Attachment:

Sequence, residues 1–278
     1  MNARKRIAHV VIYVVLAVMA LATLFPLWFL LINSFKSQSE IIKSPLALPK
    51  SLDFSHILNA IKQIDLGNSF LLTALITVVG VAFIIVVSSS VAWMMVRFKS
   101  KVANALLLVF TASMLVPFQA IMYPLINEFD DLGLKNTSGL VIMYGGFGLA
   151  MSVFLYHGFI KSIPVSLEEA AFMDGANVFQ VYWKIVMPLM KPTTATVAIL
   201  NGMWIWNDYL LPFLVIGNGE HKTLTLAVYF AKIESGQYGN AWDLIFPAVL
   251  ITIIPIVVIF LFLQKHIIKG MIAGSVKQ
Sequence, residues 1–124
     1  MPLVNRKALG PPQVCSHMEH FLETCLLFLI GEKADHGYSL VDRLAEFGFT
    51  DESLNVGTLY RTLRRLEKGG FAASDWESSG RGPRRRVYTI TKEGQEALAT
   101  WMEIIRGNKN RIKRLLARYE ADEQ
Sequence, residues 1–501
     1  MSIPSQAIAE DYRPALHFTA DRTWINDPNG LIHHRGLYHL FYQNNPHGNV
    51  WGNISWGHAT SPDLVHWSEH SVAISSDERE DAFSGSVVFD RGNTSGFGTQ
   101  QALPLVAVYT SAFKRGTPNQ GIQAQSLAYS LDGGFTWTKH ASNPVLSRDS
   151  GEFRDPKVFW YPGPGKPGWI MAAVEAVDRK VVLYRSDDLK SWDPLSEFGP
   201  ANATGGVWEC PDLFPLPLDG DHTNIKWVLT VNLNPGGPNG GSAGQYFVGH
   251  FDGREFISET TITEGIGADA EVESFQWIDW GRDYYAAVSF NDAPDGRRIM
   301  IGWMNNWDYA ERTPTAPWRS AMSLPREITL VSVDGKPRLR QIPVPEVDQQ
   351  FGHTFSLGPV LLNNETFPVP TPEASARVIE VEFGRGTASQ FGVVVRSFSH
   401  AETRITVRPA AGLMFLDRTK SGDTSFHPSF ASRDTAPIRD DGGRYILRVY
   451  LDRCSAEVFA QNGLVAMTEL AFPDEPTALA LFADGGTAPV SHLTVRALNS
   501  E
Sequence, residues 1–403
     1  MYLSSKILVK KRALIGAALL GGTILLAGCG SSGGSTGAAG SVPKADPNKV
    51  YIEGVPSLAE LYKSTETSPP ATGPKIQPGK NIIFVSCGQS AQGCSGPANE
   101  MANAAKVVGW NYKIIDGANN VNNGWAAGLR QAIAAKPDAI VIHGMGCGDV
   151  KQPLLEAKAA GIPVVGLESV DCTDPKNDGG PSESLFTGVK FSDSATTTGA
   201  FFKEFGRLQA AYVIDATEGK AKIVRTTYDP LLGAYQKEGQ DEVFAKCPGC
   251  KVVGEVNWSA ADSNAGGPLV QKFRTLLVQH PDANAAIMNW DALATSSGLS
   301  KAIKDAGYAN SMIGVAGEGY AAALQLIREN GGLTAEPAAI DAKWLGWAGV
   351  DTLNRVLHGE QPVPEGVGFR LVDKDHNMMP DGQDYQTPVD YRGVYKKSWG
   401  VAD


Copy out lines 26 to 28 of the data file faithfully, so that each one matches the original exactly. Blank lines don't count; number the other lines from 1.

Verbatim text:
    51  YIEGVPSLAE LYKSTETSPP ATGPKIQPGK NIIFVSCGQS AQGCSGPANE
   101  MANAAKVVGW NYKIIDGANN VNNGWAAGLR QAIAAKPDAI VIHGMGCGDV
   151  KQPLLEAKAA GIPVVGLESV DCTDPKNDGG PSESLFTGVK FSDSATTTGA